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Geoengineering may not help crop yield

09 Aug 2018 Liz Kalaugher
Illustration of stratospheric aerosols above Earth
One proposal for solar geoengineering is to inject sulphate aerosols into the atmosphere, similar to what happens after large volcanic eruptions. (Courtesy: Stephen McNally and Hulda Nelson, UC Berkeley)

Managing solar radiation by introducing aerosols into the atmosphere may not protect crop yields from climate change. That’s according to US researchers who found that the reduced heat stress resulting from this geoengineering may not outweigh the harm to crop yield from its scattering of sunlight.

“Shading the planet keeps things cooler, which helps crops grow better,” says Jonathan Proctor of University of California Berkeley, US. “But plants also need sunlight to grow, so blocking sunlight can affect growth. For agriculture, the unintended impacts of solar geoengineering are equal in magnitude to the benefits. It’s a bit like performing an experimental surgery; the side-effects of treatment appear to be as bad as the illness.”

To come up with this assessment, Proctor and colleagues looked at the volcanic eruptions of El Chichón in Mexico in 1982 and Mount Pinatubo in the Philippines in 1991. These eruptions were big enough to send a large volume of stratospheric sulphate aerosols into the stratosphere; their cooling of the climate was the inspiration for proposed geoengineering techniques that artificially introduce such aerosols.

“The problem in figuring out the consequences of solar geoengineering is that we can’t do a planetary-scale experiment without actually deploying the technology,” says Solomon Hsiang, also of the University of California Berkeley. “The breakthrough here was realizing that we could learn something by studying the effects of giant volcanic eruptions that geoengineering tries to copy.”

El Chichón injected 7 Megatonnes of sulphur dioxide into the upper atmosphere, whilst Pinatubo introduced 20 Megatonnes. The sulphur dioxide later oxidized to form stratospheric sulphate aerosols that gradually spread around the globe and made the stratosphere more opaque for several years.

By looking at records of optical depth, the researchers assessed how the aerosols from the volcanoes altered global sunlight, and how this changed crop yields of maize, soy, rice and wheat reported to the UN Food and Agricultural Organization. Then they applied this crop yield model to a climate projection for the RCP4.5 emissions pathway and to a scenario with solar radiation management that uses sulphur dioxide injection to balance all additional manmade climate forcing after 2020.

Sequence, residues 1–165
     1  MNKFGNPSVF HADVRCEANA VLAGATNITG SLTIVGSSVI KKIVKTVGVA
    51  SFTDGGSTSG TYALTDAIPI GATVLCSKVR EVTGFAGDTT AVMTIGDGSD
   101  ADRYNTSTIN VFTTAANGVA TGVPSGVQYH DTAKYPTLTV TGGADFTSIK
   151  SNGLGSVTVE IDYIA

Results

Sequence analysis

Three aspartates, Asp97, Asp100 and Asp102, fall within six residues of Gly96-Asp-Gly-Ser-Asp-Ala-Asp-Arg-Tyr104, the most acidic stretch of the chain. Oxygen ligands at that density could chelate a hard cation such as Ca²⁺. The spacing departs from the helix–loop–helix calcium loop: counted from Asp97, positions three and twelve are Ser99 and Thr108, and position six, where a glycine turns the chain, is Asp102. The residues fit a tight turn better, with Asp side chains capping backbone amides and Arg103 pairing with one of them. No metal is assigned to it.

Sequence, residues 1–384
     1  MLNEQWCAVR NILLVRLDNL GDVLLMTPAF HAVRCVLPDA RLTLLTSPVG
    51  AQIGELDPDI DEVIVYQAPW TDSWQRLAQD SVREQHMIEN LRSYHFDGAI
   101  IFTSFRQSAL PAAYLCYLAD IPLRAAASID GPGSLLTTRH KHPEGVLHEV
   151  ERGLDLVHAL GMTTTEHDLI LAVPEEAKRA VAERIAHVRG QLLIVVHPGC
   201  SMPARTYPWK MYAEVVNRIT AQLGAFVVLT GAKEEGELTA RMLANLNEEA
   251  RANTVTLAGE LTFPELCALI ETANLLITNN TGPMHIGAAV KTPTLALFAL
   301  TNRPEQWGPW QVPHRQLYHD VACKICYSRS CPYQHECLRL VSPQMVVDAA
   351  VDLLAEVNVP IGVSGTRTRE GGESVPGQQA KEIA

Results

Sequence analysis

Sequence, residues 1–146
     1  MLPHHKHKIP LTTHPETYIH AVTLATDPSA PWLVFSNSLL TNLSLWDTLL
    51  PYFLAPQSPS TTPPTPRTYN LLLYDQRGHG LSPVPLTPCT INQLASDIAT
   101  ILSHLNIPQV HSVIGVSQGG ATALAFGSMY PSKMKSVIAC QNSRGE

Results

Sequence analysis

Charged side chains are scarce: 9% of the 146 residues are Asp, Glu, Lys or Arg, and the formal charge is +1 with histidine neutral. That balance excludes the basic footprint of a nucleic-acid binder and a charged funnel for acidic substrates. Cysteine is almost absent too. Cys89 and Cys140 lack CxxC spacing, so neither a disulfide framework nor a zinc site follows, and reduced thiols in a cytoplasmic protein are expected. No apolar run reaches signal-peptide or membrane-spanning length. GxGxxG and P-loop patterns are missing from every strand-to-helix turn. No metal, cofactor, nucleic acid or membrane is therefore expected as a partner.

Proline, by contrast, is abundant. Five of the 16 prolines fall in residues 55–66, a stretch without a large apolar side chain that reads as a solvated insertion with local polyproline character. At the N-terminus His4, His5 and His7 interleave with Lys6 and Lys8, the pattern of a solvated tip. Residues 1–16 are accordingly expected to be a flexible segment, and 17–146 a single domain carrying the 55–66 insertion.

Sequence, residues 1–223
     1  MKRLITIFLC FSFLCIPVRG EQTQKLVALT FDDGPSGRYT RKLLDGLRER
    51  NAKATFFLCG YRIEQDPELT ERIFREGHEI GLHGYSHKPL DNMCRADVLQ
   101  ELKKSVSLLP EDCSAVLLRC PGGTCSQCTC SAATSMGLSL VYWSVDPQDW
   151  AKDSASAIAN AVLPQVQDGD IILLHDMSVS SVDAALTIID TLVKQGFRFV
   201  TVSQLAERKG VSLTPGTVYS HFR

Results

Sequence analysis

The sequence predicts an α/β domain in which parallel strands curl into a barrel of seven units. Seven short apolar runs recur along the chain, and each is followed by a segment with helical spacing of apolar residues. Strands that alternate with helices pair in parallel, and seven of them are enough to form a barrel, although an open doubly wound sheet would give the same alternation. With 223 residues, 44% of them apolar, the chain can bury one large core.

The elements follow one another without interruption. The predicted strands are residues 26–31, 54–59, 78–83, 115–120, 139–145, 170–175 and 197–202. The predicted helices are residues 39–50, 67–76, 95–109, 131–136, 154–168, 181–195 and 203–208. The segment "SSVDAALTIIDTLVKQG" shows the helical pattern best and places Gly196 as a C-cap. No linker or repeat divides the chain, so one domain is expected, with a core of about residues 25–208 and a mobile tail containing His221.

Pinatubo reduced direct sunlight by roughly a fifth, increased diffuse sunlight by around the same amount and reduced total sunlight by 2.5%. It cooled the world by roughly 0.5°C and decreased yields of maize by 9% and soy, rice and wheat by nearly 5%.

The reduction in crop yield due to these changes in sunlight was a surprise to the researchers as some studies in wild ecosystems had found that scattered sunlight increased plant growth. The theory was that the scattering distributes light more evenly across the plant, redirecting it from sun-saturated leaves in the canopy to shaded leaves below. Diffuse light may, however, be less good at producing edible parts of plants.

The geoengineering scenario the researchers modelled cooled the planet by 0.9°C, reduced precipitation by 0.26 mm per month and increased cloud fraction by 0.0081 during the maize growing season. Average maize yields increased by 6.3% because of the cooling but decreased by 5.3% because of light dimming, the team showed. Once the researchers had accounted for optical effects, geoengineering had no statistically discernible effect on crop yields compared to the RCP4.5 scenario.

The teams believes this approach is the first use of real-world data to look at the consequences of geoengineering for a particular sector of the economy.

Hsiang reckons it’s possible to use the same method to investigate how geoengineering would affect other areas such as coral reef health, the net primary productivity of vegetation, skin cancer or worker productivity. This would provide more information on the potential risks.

Expanding his medical treatment analogy, Hsiang explains that this is like a doctor being informed about side effects. The fact that this study has highlighted important potential side effects, he believes, doesn’t mean we should rule geoengineering out as, like chemotherapy, the risks can justify the treatment.

Although many research groups are interested in field-work to trial geoengineering, we don’t have the same frameworks in place to deal with such experiments as we do for medical treatments, according to Hsiang in a press briefing. The researcher believes we need analogues to informed consent as well as institutional review boards.

Proctor, Hsiang and colleagues reported their findings in Nature.

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